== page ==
Back here in the U.S., Alabama defeated the Auburn men in the pool today in Tuscaloosa, 133-110. What does this have to do with Commonwealth Games? In reality, Auburn's best sprinter (and arguably best swimmer), England's Adam Brown, is in Delhi right now, where he competed in the finals of both the 50 free and 100 free. In addition to Brown's absence, senior Kohlton Norys swam only on Auburn's losing 800 free relay. Aside from those two, Auburn was nearly full strength. Past contributors such as Jared White and Adam Klein could not muster enough strength to win what in the past would have been an easy team. In Auburn's signature events, Alabama freshman Vlad Caciuc and BJ Hornikel defeated the best Auburn could offer in the 50 and 100 free, respectively. Although this is way to early in the season to mean anything, this does not bode well for Auburn's rebound following 2010's disappointing sixth-place finish at NCAA's. If Auburn cannot beat Alabama, clearly they will not be challenging the likes of Cal for the championship this March. Their 14-straight SEC title streak could be coming to an end, with the likes of Florida, Georgia, and Alabama looming as threats. I started a College Swimming thread on the topic, so check it out.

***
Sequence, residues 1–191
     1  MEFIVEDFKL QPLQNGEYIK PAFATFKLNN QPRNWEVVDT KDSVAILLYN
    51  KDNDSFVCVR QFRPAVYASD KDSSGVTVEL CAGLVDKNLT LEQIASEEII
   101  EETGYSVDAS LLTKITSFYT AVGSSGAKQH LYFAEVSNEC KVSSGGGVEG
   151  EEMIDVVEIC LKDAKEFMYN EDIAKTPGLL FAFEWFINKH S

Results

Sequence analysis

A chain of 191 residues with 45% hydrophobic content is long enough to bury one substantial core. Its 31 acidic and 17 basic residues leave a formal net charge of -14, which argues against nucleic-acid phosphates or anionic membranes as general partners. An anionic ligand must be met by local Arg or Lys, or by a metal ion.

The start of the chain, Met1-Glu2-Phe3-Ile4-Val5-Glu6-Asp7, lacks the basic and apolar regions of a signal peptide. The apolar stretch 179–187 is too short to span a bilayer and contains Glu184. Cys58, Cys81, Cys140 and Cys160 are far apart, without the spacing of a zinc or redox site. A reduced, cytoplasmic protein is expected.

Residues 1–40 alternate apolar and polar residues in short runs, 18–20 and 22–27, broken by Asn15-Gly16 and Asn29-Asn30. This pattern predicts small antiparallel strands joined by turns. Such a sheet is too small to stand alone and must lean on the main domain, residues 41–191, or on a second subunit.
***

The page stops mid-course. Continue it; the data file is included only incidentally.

Back to the action in India. Australia's Alicia Coutts and Canada's Brent Hayden emerged from Delhi as the top swimmers of the meet, while England's Liam Tancock and James Goddard, Australia's Leisel Jones, and South Africa's Cameron van der Burgh also put forth top performances. However, no one could surpass Geoff Huegill as the top story of the meet. For two years, many have commented on Huegill's amazing comeback to the sport, losing 40kg in hopes of representing Australia in the 50 fly in Delhi and winning a medal. Huegill completed this run on Tuesday, finishing just behind Kenya's Jason Dunford, finishing just 0.02 shy of a fairytale ending to that comeback.